A strange view of a Greek artist’s familiar land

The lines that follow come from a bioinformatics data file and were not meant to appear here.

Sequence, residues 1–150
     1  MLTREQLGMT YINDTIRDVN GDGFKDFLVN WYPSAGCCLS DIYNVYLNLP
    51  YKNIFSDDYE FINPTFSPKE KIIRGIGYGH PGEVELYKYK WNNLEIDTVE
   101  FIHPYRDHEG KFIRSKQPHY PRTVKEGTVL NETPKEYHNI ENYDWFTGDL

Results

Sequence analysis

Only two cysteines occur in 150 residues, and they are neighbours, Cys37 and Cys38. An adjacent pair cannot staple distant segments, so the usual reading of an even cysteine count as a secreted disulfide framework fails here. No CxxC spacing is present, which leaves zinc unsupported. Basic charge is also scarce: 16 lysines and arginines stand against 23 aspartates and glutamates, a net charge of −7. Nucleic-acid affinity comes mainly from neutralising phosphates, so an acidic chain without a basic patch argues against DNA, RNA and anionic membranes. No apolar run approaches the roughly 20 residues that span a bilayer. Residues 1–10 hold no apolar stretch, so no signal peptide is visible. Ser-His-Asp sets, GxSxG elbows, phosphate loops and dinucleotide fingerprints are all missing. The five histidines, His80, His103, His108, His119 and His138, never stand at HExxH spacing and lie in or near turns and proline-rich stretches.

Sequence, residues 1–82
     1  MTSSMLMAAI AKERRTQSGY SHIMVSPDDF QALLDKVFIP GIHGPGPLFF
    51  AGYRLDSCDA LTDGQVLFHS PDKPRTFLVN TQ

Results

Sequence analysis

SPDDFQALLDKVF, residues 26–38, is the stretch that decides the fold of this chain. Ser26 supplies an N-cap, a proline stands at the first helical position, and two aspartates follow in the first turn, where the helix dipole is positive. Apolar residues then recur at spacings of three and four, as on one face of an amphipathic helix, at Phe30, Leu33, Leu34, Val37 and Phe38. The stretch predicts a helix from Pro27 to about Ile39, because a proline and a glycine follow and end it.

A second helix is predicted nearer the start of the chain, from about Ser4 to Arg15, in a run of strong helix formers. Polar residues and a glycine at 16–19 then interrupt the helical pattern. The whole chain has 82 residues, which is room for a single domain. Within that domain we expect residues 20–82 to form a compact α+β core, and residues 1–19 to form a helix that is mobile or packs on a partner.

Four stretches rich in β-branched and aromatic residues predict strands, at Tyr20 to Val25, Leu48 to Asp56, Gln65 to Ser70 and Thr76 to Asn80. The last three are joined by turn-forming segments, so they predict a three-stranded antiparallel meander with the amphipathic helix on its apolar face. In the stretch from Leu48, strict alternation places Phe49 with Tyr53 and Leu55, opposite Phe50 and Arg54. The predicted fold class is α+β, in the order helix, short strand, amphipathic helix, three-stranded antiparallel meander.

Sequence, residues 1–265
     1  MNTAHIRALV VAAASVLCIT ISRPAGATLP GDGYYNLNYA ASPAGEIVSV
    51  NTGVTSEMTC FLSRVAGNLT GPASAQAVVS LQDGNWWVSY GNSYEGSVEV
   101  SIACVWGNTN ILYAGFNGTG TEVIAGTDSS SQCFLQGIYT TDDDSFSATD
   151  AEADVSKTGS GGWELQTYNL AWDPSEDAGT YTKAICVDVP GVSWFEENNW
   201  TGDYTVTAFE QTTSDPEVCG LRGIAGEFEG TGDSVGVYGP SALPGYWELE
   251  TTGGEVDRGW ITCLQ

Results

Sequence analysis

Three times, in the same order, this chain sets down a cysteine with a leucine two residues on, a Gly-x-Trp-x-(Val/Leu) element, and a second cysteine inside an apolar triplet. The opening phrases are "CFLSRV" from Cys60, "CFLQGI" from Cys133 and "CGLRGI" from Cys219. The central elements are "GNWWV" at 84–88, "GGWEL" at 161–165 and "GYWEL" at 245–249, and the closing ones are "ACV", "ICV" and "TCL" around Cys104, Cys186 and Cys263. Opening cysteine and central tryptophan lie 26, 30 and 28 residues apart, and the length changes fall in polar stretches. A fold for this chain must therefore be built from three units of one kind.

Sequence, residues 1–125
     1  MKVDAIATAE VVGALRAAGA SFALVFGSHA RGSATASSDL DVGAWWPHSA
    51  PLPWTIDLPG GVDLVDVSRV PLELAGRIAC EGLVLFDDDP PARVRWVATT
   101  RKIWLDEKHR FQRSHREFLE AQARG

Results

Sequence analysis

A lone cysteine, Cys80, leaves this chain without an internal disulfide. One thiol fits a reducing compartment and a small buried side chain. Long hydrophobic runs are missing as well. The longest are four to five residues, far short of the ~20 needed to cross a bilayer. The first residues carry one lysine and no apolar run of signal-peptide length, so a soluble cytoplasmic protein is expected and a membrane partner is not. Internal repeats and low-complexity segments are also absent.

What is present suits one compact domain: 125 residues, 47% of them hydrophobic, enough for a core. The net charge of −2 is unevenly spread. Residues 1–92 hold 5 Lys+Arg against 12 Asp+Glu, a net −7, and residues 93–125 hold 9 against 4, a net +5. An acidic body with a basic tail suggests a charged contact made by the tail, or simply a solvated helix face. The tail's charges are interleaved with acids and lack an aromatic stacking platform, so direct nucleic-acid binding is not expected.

When painting outside, traditional landscape painters would often squint while looking at their subject. In the hazy, faraway image that appeared before their half-closed eyes, the play of forms and colors somehow looked clearer. By distancing themselves from the subject, painters could pick out its essence and get closer to it. This method is an example that artist Alexandros Psychoulis mentions when talking about «Psycooglearth,» his recent work currently on view at the gallery. In many ways, this three-part installation can be seen as a contemporary version of landscape painting, the conceptual image of a piece of land drawn from a distance. The globe’s satellite photographs in Google Earth inspired Psychoulis to explore a region in Greece that holds very personal connotations and is tied to childhood memories. Using the objective, scientific perspective of those satellite photos, Psychoulis zoomed down to the region of southern Pelion – his favorite area in this country – and, together with material from the Greek Army Geographic Service, made exact topographical models of the area. Those models are a recurring theme in the exhibition’s three-part installation. They stand for an objective and distanced yet uncanny view of a very familiar place laden with psychological connotations for the artist. By metaphorically transferring an entire piece of land into the premises of an art gallery, the models bring physically close something that is far away, yet at the same time transform the familiar into something strange. «Psycooglearth» is a constant interchange between this internalized view of familiar territory and its high-tech, bird’s-eye viewing. Two large wooden constructions that connote trailer homes and are the artist’s take on the so-called «teardrop» constructions from the 1970s are visual metaphors of one’s home. Made out of wood and resembling toys enlarged to life-sized proportions, those mobile homes are like magic travel machines. By using a reversal of scale, Psychoulis inserts the topographical models of the southern Pelion region inside one of the mobile home constructions. The long surface of plexiglass tables (the black plexiglass connotes the sea) with models of the land on top becomes part of the other construction – this one is meant as the artist’s studio. The outside world becomes inseparable from the domestic environment. The microcosm of one’s home and personal memories contains vast areas of land. As with Google Earth, one can get a window into the world from one’s home, while at the same time being part of that view. Since the larger view contains the smaller one (one’s home is part of a broader region), the effect is slightly surreal. Seen from this angle the familiar seems far away. It becomes separated from one’s personal world and rendered strange. But this reversal and play with the familiar also brings it closer to us, clearer and easier to appreciate to the fullest. «Psycooglearth,» a one-man show on Alexandros Psychoulis, at (20 Aristofanous, 210.321.4994) through 31/3.